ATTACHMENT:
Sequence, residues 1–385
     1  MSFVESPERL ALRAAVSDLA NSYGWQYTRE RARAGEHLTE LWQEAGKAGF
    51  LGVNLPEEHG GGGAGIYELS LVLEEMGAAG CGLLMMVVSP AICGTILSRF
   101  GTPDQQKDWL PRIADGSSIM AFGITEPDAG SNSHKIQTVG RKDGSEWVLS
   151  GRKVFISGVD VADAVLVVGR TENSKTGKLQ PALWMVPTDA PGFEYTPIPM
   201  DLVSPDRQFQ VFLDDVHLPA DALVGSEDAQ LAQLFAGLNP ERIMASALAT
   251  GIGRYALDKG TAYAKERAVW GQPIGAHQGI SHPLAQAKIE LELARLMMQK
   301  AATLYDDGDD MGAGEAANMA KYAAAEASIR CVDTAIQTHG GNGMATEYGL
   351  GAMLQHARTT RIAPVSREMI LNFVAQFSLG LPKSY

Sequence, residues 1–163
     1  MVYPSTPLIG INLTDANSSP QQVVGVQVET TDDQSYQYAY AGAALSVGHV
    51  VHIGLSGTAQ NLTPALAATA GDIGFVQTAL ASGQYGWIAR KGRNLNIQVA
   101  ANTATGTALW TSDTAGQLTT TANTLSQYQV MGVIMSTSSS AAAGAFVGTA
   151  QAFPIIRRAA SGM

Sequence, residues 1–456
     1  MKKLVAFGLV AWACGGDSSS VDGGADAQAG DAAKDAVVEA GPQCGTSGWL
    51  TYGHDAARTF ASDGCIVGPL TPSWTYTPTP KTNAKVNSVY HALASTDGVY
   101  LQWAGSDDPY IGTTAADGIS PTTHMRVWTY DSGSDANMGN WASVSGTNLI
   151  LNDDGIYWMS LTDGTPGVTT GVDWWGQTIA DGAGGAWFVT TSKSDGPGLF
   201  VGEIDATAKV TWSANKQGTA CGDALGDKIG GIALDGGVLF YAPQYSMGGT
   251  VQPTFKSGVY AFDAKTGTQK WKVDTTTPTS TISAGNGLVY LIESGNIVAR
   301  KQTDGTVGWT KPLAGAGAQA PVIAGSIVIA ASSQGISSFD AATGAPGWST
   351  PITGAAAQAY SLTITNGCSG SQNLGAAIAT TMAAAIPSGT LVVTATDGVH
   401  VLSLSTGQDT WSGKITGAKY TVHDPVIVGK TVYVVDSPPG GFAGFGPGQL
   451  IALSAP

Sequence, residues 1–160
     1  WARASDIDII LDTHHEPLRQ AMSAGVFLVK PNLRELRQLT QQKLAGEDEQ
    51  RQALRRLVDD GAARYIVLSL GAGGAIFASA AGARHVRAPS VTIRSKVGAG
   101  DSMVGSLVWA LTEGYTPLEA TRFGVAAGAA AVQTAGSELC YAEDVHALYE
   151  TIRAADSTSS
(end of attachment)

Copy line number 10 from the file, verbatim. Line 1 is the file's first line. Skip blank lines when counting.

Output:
Sequence, residues 1–163